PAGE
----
Crime, Punishment and Results Orientation: Thoughts on the Lederer Apology
Black Friday is now half a decade behind us, but for some the wounds are still raw. Most players who had money on Full Tilt when it was taken down have, by now, received their refunds, but that doesn’t change the fact for anyone trying to make money at online poker in the US at that time that they were simultaneously cut off from both a big portion of their savings and their means of earning more. If there were any question about whether people were still sore about what happened, the emergence of Ray Bitar’s wedding photos a few months back and the ensuing reaction from the community put those doubts to rest.
In short, yes, many people are still extremely upset about what was going on behind the scenes at Full Tilt, crimes which compounded the impact of the US Department of Justice’s crackdown on the site’s users. It’s surprising, then, that Howard Lederer, probably the second-least-popular Full Tilt founder after Bitar, picked this moment to step back into the public eye and attempt an apology.
Questions of timing and sincerity
His choice of channel to do so – via Daniel Negreanu’s poker blog – is somewhat questionable as well, as Negreanu himself has recently had his reputation tarnished due to his actions and attitude throughout the unpopular recent changes at PokerStars. That’s not to say that Negreanu’s name is mud right now – far from it – but if Lederer was hoping that the public’s love for Kid Poker would soften its opinion for him, his timing on that front couldn’t be any worse.
On another level, however, the timing makes sense, perhaps a little too much sense. It seems calculated. As of last fall, 92% of pre-Black Friday Full Tilt players had been made whole via the remissions process, and most people tend to be more inclined to forgiveness when they aren’t still owed something. Meanwhile, the World Series of Poker is just around the corner and it’s been many people’s immediate assumption that the apology means that Lederer is planning on attempting to play a few events and is hoping to avoid too much harassment at the tables.
That said, as apologies go, it’s not bad. If you want to read the full thing, the link is above, but in terms of gauging sincerity, the bit that struck me was the end:
At a wedding in the fall of 2014, I was sitting with a friend, talking about Full Tilt. I was grumbling about how unfair my lot in life had become. My friend didn’t let me off the hook. I’m paraphrasing here, but he said, “Howard, it doesn’t matter whether you knew about the shortfall or what you did to help players get paid. These players feel like you lied to them. You were the face of the company in the poker community. Thousands of players played on the site because they trusted you. Many pros represented the site because they thought you were in control. And you happily accepted the accolades while falling short of their trust.”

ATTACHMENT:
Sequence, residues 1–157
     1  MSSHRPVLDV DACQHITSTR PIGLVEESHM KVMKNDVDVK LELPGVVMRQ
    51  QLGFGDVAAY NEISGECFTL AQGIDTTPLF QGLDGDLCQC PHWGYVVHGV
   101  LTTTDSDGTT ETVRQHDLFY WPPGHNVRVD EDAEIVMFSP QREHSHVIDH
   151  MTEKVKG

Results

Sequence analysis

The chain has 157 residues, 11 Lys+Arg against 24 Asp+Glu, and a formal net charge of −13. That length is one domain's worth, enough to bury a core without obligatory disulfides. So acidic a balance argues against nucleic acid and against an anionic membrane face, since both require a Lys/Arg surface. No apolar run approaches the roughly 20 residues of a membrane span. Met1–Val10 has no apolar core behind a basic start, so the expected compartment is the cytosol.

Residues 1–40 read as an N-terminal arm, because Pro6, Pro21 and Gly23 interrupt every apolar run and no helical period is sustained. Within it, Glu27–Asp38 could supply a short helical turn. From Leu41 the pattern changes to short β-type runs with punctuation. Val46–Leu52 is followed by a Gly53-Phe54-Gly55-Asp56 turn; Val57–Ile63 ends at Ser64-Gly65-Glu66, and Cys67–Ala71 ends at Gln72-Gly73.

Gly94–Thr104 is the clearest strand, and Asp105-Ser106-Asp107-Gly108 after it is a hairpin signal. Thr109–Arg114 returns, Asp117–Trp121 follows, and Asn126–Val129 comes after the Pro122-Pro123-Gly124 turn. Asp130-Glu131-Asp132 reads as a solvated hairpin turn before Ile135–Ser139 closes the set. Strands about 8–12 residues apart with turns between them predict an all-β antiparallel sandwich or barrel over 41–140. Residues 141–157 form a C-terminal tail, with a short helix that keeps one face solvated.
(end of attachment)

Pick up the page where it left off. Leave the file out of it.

At the time, my friend’s response felt like a slap in the face, but it is clear to me now that it was fair. An apology is not enough, but it is what I am able to offer to the poker community in the wake of a travesty that I should not have allowed to happen. I am sorry.
It’s possible that I’m just falling for a pretty decent bluff, but the story of feeling sorry for himself years after the fact, getting some tough love from a friend about it, ruminating about it, and finally accepting what the friend says, sounds about right to me. In my life experience, that’s a pretty standard arc traversed by someone attempting to come to terms with their complicity in a situation where they knew they were doing wrong, but which had consequences beyond what they’d anticipated. First they minimize their own responsibility, then they start to feel like they were victims themselves… but then, ultimately, after hearing it from the right person, they start to feel some actual remorse for their own actions, rather than only the personal repercussions of those actions.
That doesn’t mean that the timing wasn’t calculated in the hopes of facilitating a return to playing poker in public. It almost certainly was, but I don’t think he’s only apologizing so that he can play poker; he’s likely at the point at his own psychological journey that he is in fact willing to accept some responsibility for what he did, and wants at least a few people to forgive him.